Yes, I lost some storage. The dinette drawers were shortened when I cut the dinette in half. The little exterior compartment is also gone. On the rear cabinet that was relocated by the refrigerator, the drawer had to be shortened to fit the new space. I lost some storage under the couch but added the other storage area. I still have tons of storage on the outside and more than enough for what I need on the inside.
It sounds like nearly everything you did was repurposed from the original slides. Did you have to buy any parts or materials?
I had to buy some hardware, the mahogany trim, and some upholstery for the cushions. It was an adventure finding the parts and materials I needed from the original slide rooms. Some parts had glued carpet but still worked. Plus, everything from the original slide rooms was lightweight.
I attempted to salvage the original upholstery but it didn’t work out, so we had new cushions made. The new cushions are more plain and masculine. We had the bunk cushion cut in half lengthwise so it can be folded and stored with the bunk when it’s closed.
I still have a pile of extra stuff, but I used quite a bit. I need to find a home for the Lippert slide mechanisms. I want to try to utilize everything that’s extra in future projects. It’s good material that I can use.
Do you think a chair or recliner could fit in the back area where you put the bench and storage?
I suppose you could fit a single recliner in that space. I didn’t want to buy anything extra, and I wanted more counter space. That little counter works out well. I like to cook, so that provides us with a little more workspace and a charging station.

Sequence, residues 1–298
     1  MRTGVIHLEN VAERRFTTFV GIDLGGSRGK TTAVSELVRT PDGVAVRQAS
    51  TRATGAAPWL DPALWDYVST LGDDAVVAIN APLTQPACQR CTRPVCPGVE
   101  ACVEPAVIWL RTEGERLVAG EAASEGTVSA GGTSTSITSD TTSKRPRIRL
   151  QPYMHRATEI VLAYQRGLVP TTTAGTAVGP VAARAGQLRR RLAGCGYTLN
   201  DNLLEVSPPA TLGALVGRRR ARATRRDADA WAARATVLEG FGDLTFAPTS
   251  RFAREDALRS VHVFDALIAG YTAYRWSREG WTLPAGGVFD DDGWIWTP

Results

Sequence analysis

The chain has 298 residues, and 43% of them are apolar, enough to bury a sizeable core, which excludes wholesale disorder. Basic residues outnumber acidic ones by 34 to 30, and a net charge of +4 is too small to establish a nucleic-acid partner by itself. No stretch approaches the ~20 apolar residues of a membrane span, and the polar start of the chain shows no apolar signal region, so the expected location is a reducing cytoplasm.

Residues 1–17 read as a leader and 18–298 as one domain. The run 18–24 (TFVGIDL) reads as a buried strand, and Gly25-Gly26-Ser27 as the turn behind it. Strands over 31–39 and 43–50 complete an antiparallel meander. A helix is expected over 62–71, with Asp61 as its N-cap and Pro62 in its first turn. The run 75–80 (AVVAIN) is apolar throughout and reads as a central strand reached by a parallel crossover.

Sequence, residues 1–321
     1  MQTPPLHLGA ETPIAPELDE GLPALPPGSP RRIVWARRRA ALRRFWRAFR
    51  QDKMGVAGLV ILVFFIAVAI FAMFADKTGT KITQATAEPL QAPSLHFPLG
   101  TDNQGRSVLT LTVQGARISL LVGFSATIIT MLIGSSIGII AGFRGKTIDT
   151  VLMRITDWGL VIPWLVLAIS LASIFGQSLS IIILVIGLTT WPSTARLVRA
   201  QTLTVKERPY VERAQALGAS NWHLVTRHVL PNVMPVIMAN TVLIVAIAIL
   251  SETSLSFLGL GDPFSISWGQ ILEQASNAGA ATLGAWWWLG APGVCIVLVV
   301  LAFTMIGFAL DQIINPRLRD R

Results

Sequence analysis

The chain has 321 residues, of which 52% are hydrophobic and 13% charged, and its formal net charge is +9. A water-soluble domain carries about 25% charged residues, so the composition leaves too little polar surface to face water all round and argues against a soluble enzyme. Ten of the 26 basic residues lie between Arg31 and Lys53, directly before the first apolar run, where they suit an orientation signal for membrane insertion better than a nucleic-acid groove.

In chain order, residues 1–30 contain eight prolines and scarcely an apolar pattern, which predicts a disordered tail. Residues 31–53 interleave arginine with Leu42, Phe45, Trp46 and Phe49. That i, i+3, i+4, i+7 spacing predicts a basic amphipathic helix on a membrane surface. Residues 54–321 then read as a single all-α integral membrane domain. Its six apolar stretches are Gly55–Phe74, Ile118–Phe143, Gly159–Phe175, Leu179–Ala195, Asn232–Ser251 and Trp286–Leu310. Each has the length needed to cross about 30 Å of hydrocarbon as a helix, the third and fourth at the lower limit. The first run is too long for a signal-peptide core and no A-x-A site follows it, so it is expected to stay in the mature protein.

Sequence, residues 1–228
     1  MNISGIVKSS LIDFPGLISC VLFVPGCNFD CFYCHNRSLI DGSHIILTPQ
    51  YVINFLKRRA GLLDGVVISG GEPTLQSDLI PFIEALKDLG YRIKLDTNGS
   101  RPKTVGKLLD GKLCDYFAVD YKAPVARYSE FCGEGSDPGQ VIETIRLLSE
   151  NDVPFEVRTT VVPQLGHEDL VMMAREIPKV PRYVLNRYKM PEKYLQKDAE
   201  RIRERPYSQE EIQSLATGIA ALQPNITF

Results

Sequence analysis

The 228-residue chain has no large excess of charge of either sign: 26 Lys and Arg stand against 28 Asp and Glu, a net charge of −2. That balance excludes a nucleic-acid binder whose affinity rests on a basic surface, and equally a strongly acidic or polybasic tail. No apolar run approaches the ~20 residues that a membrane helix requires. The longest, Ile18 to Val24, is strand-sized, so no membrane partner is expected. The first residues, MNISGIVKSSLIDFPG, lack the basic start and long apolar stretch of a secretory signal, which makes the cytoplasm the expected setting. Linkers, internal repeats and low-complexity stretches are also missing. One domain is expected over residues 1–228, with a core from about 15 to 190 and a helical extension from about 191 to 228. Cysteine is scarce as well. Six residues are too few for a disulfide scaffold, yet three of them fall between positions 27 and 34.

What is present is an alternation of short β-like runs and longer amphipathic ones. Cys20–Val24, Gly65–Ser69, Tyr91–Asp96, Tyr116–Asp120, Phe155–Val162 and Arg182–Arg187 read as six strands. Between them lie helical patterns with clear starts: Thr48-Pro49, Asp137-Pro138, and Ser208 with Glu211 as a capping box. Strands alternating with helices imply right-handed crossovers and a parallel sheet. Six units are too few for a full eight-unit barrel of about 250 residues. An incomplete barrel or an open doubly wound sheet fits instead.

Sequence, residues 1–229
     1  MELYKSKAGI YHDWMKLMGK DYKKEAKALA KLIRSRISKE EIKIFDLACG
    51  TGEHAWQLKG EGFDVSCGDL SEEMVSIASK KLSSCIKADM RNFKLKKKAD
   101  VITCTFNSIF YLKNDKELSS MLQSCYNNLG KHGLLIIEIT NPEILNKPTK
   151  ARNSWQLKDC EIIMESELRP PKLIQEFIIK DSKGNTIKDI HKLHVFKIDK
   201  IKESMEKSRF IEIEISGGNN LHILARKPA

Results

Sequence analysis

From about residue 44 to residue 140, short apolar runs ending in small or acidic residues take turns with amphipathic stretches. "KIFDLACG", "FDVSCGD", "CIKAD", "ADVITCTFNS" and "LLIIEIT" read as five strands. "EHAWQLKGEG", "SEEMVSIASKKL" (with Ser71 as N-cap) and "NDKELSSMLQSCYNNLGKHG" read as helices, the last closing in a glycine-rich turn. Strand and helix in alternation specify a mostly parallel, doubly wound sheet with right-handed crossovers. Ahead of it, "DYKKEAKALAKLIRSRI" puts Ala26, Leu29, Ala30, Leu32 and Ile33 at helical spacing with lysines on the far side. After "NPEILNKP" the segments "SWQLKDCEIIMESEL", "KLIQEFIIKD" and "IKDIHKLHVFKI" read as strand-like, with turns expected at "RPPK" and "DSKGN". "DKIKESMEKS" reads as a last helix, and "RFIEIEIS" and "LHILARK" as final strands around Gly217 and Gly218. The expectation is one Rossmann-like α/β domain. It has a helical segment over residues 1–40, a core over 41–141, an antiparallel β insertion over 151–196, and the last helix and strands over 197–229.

Did you make any other changes to your 1172?
Some time ago I changed the kitchen sink from a double bowl sink to a single bowl. Lance has also changed to single bowl sinks. I put in a residential faucet as well, which makes a huge difference. After reading TCM, I changed to an aerated shower head in the bathroom. That works well.
I relocated the television because I kept bumping into the one installed in the middle of the camper. I moved the television above the entry door. I also have a small television in the bedroom. I have a Direct TV dish and DVD player.
On the roof, I added a 300-watt solar Renergy kit. The 1172 was already pre-wired for solar. I like how that worked out. Finally, I added a cellular signal amplifier.
How long did this project take?
I retired from the body shop industry in 2019. I have a shop set up at my house. All of my tools and woodworking materials are set up in my shop. I worked on this project full-time for six weeks. It was so nice to work on the camper, have lunch on the porch, and go back to work. It was my first project since I’ve built my shop. Now that the camper project is done I’m working on a Porsche.
A project like this is not for the faint of heart. I have 40-years of experience in the body shop industry and I’m handy. I also enjoy woodworking. I can do every aspect of metal fabrication. If I can’t do it myself, I know someone who can.
Are you happy with how it turned out?
Yes, I’m pleased with the results. I had the time to do this project and I like a challenge. I’ve made a lot of stuff over the years and enjoy the sense of accomplishment. I now have the camper dialed in the way I want. I really do like the camper. I just didn’t like the slides.
With the slides removed, I can go more places off-road. Years ago I took the camper places I probably shouldn’t have. I go places where the roads are bad and you can’t always find a perfectly level spot to have lunch or camp.
Above: Usal Beach, Lost Coast, Northern California
If you’re an off-road enthusiast like me, a slide-out truck camper is probably not a good idea. Now I can go off-road without worry and have a Polaris for more rutted roads.